Spent yesterday, last night, and this morning down on the Cape with some good friends. It was, as all trips to the Cape are, an excellent time. I also realized that the Cape is surprisingly close to Boston; it's only about a 60 mile drive each way. Why is this significant? Well, other than the fact that it's close enough to go even for just a day trip, it's also well within the range of even the least technologically advanced electric cars. Even an old EV-1 would have no problem with a trip down to the cape, nor would something like Nissan's failed Hypermini with it's 62-mile range (provided you had a charging station down there as well) or Nissan's upcoming new electric subcompact
I think this is a very interesting and important fact. No one, or at least very few people, would deny that an electric car is a good choice for someone who lives in a densely populated city (like Boston) and never drives outside that city. Hybrids help fill this gap by providing not only the eco-friendliness and energy efficiency of an electric car (albeit to a lesser extent) but also the range of an internal-combustion car, thus allowing city dwellers to both feel good about their energy usage and still take weekend drives to their vacation home off in the country somewhere (like Cape Cod). But despite the seeming limitation of a 120 mile range (or 250 in the case of the Tesla Roadster
), it's really not all that limiting. An electric car has more than enough range for someone in Boston to drive around the city all week with no problemâ€”very few people are going to drive more than 250 miles during their work dayâ€”and it also has plenty of range to take them down to the Cape on the weekend and back with a little bit of driving around while they're down there (or lots of driving if they happen to have a charging station at their Cape house as well, and who wouldn't really).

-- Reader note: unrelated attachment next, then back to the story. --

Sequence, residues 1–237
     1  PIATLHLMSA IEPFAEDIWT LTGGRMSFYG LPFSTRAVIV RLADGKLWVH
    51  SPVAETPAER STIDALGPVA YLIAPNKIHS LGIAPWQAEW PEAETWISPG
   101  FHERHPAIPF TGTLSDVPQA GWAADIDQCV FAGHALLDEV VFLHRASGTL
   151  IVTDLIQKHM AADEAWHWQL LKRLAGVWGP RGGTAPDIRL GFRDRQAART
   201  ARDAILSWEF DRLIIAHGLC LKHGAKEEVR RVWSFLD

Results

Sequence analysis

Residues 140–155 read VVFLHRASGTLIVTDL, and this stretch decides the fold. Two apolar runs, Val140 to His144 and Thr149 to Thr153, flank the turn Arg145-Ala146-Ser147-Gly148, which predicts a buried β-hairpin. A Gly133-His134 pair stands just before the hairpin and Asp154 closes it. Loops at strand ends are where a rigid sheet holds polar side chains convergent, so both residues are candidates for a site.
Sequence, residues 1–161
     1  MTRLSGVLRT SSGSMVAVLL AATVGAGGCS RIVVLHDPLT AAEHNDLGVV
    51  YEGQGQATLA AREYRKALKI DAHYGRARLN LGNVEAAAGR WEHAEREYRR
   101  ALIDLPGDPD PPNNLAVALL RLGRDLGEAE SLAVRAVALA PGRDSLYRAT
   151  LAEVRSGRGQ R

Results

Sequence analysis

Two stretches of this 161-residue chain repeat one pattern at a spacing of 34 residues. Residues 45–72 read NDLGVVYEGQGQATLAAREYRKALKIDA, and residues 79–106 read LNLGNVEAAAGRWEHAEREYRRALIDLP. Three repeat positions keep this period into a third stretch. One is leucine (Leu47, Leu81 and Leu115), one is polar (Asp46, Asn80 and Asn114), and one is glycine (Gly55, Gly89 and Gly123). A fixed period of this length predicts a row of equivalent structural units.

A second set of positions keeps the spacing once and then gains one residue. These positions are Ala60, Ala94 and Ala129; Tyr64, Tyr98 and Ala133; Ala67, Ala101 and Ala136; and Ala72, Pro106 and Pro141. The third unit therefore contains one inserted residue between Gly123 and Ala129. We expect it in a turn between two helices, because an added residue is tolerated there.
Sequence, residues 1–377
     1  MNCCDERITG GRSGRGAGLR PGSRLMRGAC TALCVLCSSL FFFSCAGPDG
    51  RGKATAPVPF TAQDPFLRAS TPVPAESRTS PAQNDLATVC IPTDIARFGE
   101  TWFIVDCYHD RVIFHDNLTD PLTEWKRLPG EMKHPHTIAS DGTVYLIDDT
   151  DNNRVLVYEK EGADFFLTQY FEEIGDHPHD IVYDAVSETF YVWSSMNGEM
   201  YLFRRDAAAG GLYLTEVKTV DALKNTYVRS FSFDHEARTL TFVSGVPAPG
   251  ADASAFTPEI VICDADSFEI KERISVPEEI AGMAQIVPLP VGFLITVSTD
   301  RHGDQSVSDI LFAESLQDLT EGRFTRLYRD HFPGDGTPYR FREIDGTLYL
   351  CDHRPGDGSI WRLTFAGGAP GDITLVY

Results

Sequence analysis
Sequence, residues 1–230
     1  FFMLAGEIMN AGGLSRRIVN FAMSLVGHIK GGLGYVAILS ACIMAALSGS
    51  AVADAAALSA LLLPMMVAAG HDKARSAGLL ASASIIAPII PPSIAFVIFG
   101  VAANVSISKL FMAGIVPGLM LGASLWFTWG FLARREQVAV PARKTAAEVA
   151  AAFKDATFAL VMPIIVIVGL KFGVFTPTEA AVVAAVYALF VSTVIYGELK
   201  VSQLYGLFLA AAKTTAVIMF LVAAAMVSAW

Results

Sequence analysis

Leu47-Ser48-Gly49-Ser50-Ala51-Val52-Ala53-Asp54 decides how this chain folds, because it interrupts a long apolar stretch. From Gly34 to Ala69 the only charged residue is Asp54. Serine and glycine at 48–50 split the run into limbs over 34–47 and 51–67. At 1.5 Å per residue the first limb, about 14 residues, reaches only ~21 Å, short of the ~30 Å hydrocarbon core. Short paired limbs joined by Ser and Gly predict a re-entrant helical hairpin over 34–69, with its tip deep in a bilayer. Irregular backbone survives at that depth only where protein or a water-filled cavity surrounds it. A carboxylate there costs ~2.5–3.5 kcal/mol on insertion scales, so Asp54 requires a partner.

So really, it would seem that electric cars are the perfect fit for the modern citizens of Boston. Yes, there are some people for whom an electric car just wouldn't make sense, but I imagine that the vast majority of Bostonites would do just fine in one. And, I think that Boston is enough of a liberal, forward-thinking, socially-aware city that electric cars would really catch on here. Now if only Tesla Motors
would add Boston to the list of cities where they'll be available next year...
In other news, I went to reserve a Zipcar
for tomorrow morning for a job I'll be doing. As usual, I checked on the status of the Rav-4 EV near me only to find that it's no longer even listed! Hopefully it's just out for repairs and the problems it's had in the past
haven't rendered it completely dead. I've still never even had the chance to drive it. Even if it is dead forever, I really do hope that Zipcar will be expanding their EV fleet in the future. That they have EVs at all is one of the things that I really like about the company, and I still intend to do everything I can to encourage their continued usage.